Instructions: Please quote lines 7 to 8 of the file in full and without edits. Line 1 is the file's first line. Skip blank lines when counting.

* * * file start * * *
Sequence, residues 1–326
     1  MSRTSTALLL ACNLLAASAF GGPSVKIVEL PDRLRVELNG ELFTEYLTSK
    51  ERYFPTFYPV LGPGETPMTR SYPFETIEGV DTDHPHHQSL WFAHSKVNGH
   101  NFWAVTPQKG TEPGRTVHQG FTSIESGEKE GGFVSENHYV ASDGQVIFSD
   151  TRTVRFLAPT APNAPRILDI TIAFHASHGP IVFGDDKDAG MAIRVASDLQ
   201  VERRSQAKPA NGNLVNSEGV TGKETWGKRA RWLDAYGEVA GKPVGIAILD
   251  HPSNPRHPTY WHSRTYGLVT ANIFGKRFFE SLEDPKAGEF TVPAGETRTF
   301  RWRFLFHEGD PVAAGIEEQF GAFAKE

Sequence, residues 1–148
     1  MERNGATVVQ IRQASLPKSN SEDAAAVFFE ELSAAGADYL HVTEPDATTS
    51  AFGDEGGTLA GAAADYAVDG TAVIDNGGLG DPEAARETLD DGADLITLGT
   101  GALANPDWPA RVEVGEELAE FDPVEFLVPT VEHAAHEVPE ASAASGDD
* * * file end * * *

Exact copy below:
   251  HPSNPRHPTY WHSRTYGLVT ANIFGKRFFE SLEDPKAGEF TVPAGETRTF
   301  RWRFLFHEGD PVAAGIEEQF GAFAKE